Tuesday, February 24, 2009
THE ONLY THING that surprises us anymore about the Maryland State Police's infamous undercover spying program is that officers were able to squeeze in so much bumbling in such a short period. In only 14 months during the administration of former Gov. Robert L. Ehrlich Jr. (R), law enforcement agents labeled activists working to establish a bike lane as terrorists; designated a group of antiwar protesters as white supremacists; determined that consumers who fought an electricity rate hike were a security threat; and discovered that middle-aged peaceniks had shared cookies with security guards. It appears that investigators were closer to finding a good snickerdoodle recipe than they were to uncovering a scintilla of intelligence about wrongdoing. The Maryland General Assembly should pass legislation that ensures that such a disregard for civil liberties, not to mention squandering of tax dollars, doesn't happen again.
Lawmakers are considering two bills that purport to rein in overzealous investigators; only one offers real protections. A bill backed by Gov. Martin J. O'Malley (D) is well-intentioned but ultimately too vague and loophole-riddled to be effective. The legislation would require police to have "reasonable suspicion" that an individual or group is carrying out criminal activities to initiate a covert operation. That is a good start, but a key clause -- that police can conduct covert surveillance "for a legitimate law enforcement objective" -- undermines the potential protections provided by the bill. Officers would have considerable leeway to couch any type of clandestine monitoring as "legitimate."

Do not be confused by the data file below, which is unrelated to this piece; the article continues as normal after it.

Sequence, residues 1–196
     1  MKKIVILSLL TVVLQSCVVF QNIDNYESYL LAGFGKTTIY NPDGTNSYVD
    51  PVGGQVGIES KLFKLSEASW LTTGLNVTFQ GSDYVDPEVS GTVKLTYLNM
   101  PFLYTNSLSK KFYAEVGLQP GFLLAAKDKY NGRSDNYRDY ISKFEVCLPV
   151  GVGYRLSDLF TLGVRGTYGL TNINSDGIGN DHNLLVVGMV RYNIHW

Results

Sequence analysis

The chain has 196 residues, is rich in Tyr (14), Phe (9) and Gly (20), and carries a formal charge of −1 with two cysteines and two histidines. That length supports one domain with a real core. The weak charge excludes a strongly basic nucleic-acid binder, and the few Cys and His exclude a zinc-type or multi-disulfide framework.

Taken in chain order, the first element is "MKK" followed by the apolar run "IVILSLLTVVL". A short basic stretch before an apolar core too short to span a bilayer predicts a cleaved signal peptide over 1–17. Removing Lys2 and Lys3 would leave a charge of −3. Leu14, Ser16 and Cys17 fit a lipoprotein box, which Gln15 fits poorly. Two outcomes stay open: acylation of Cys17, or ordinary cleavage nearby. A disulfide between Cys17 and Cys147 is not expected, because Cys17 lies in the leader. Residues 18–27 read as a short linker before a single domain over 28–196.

A bill sponsored by several Montgomery County legislators is the better alternative. The legislation would require police to adopt strict and specific rules guiding how officers carry out covert surveillance. The police superintendent would have to approve proposed surveillance operations, and officers would be prevented from "collecting, disseminating, or maintaining certain information" gathered through covert spying unless the intelligence was obtained lawfully and was directly related to criminal activity. Also significant, the bill's provisions would apply to all Maryland law enforcement agencies, not just to the state police as in the proposal supported by Mr. O'Malley.
Critics say such restrictions could inhibit the ability of law enforcement agencies to monitor criminals. In fact, most of the provisions are in line with Justice Department guidelines and are necessary to undo the chilling effect that the state police's abuses may have had on lawful political activity. Activists say some would-be protesters are still hesitant to speak out, fearing that they will be spied on or that their names will appear on terrorism watch lists. Marylanders need to feel free to express dissent; strong legislation would help to encourage that.